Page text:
The Supreme Court of Canada has refused to hear an appeal of the federal government's approval of the $12.6 billion Trans Mountain pipeline expansion, which is already under construction.
The Tsleil-Waututh and Squamish First Nations and Coldwater Indian Band had appealed to the Supreme Court of Canada to hear an appeal of an earlier Federal Court of Appeal ruling, which had dismissed an appeal of the project's approval. First Nations argued that proper consultations had not occurred.
On July 2, the Supreme Court dismissed that final bid, refusing to hear the appeal and awarding costs to the defendants – Trans Mountain Corp. and the Attorney General of Canada.
Today's ruling means First Nations have exhausted all legal avenues to halt the project on the basis of inadequate consultation, although that doesn't mean the First Nations involved have abandoned all hope of some other legal challenge.
"Although today’s decision marks the end of the road for this legal challenge, First Nations have vowed to explore all legal options to protect their rights, land, water and climate," the Tsleil-Waututh Nation Sacred Trust initiative said in a news release.
“We’re not deterred and are exploring all legal options," said Tsleil-Waututh Chief Leah George-Wilson. "What I can tell you today is that this not the end of the story."
Opponents of the pipeline twinning project, which would add a second line parallel to the 60-year-old pipeline running from Edmonton to Burnaby, were emboldened in August 2018, when the Federal Appeal Court quashed a federal Order in Council that green-lit the project.
The court found the federal government's approval of the project deficient on two points, and sent the federal government and National Energy Board (NEB) back to the drawing board and negotiating table.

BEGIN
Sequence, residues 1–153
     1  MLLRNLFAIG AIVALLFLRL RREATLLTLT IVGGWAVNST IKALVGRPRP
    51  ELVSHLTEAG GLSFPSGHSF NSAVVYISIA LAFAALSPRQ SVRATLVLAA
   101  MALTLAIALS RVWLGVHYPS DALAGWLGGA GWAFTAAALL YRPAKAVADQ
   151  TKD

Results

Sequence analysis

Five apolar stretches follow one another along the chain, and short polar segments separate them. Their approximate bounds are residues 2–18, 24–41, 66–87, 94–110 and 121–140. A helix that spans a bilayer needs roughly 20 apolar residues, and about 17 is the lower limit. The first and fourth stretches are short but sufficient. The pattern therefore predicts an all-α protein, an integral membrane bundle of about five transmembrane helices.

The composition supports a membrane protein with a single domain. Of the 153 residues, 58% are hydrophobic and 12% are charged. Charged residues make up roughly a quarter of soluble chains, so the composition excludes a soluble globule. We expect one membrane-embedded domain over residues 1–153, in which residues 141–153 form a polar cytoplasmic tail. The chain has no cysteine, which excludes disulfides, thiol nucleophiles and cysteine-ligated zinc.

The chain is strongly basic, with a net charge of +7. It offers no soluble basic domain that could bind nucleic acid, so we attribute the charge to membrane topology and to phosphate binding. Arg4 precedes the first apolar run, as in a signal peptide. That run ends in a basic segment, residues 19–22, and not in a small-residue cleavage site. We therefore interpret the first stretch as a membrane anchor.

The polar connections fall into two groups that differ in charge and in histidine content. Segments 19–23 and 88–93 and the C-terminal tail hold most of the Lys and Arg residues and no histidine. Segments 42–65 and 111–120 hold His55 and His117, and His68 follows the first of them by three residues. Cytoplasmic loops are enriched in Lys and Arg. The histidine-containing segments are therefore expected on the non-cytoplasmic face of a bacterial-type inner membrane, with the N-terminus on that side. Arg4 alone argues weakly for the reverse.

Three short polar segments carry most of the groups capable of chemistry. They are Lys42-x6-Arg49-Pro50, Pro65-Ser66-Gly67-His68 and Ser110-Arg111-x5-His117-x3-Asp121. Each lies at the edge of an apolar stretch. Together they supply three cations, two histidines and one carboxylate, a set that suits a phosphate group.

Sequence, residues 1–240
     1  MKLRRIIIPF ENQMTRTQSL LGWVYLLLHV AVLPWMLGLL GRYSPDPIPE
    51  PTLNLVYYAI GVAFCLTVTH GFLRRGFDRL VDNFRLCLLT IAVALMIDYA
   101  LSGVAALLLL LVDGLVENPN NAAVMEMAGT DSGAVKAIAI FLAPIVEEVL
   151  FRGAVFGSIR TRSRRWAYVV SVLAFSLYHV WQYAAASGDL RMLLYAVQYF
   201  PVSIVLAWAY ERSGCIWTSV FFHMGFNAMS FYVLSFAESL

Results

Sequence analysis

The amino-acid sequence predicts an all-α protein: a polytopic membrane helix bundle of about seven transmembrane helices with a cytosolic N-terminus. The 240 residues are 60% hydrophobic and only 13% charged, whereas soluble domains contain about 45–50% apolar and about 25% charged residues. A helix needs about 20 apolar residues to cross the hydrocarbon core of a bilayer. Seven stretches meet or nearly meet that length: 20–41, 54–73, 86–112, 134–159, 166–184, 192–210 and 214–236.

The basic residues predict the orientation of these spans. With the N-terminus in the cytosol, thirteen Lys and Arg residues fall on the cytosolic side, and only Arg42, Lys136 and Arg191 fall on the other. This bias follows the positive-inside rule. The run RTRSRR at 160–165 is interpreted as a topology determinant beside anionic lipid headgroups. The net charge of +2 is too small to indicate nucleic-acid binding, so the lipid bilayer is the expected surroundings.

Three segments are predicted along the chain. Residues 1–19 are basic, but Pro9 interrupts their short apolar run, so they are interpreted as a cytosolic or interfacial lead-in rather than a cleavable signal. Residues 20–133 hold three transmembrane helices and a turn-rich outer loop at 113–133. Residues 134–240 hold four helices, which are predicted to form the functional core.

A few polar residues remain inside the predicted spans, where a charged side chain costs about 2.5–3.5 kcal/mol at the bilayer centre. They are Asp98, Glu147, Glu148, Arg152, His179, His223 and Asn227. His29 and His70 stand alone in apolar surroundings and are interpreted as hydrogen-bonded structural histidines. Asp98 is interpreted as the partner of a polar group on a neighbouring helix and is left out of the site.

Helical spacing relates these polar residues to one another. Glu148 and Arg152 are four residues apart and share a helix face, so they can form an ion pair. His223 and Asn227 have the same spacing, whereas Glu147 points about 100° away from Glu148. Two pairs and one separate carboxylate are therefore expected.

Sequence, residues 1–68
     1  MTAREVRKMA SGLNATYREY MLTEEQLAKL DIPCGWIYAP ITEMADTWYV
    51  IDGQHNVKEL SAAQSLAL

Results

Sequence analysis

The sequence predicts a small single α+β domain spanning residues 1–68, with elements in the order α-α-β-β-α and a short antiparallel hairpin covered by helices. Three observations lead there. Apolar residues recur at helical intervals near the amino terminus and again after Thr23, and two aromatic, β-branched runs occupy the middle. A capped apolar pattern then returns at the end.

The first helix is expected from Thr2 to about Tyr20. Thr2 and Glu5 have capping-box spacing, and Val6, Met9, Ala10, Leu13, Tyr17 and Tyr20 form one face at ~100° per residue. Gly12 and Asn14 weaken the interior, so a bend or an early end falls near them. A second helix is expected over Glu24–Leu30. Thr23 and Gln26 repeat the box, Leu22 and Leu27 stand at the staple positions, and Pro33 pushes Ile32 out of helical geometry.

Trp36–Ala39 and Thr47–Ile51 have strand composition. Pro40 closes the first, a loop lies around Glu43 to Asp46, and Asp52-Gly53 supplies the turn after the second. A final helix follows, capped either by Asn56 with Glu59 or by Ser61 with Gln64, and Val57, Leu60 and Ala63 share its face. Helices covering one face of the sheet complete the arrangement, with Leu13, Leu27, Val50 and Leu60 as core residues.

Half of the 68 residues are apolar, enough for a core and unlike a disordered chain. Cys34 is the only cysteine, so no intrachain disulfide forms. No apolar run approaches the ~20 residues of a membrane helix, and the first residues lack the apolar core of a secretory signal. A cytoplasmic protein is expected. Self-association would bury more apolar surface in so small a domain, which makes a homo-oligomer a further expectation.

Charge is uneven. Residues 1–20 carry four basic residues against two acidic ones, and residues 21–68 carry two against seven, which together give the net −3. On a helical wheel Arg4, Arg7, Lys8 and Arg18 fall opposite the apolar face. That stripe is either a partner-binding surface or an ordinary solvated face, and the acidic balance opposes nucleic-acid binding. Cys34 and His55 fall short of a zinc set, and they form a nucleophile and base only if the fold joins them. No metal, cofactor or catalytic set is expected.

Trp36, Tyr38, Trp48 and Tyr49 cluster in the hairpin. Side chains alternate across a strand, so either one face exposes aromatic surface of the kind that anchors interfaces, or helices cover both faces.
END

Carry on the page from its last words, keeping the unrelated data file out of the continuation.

The court found that the NEB had failed to fully consider the impacts of increased oil tanker traffic on the marine environment, notably on Southern Resident Killer Whales. The NEB was forced to revisit that question.
The court had also ruled that the latter stages of consultations with First Nations had not been adequate. The project was halted, with a near year-long delay in the construction start adding hundreds of millions of dollars to the original estimated capital cost.
Over a period of months, the federal government held additional consultations with First Nations and again approved the expansion. First Nations appealed the decision and lost when the Federal Court of Appeal dismissed their appeal in February 2020.
That decision underscored the point that senior governments have a duty to properly consult First Nations, but that that duty has its limits and does not confer upon First Nations veto powers over projects in their traditional claimed territories to which they object.
"While the parties challenging cabinet’s decision are fully entitled to oppose the Project, reconciliation and the duty to consult do not provide them with a veto over projects such as this one," the Federal Court of Appeal wrote in its February decision.
"We are pleased with the Court’s decision to dismiss these applications and uphold the Federal Court of Appeal’s decision," Trans Mountain CEO Ian Anderson said in a news release. "Following the federal government’s second approval of the Trans Mountain expansion project and many years of consultation and regulatory reviews, we are pleased to continue building this nationally important project."
Construction started in earnest on the project earlier this year. Currently, work is underway in a section of pipeline in the Kamloops area and in Burnaby, where the Westridge Marine Terminal is being expanded.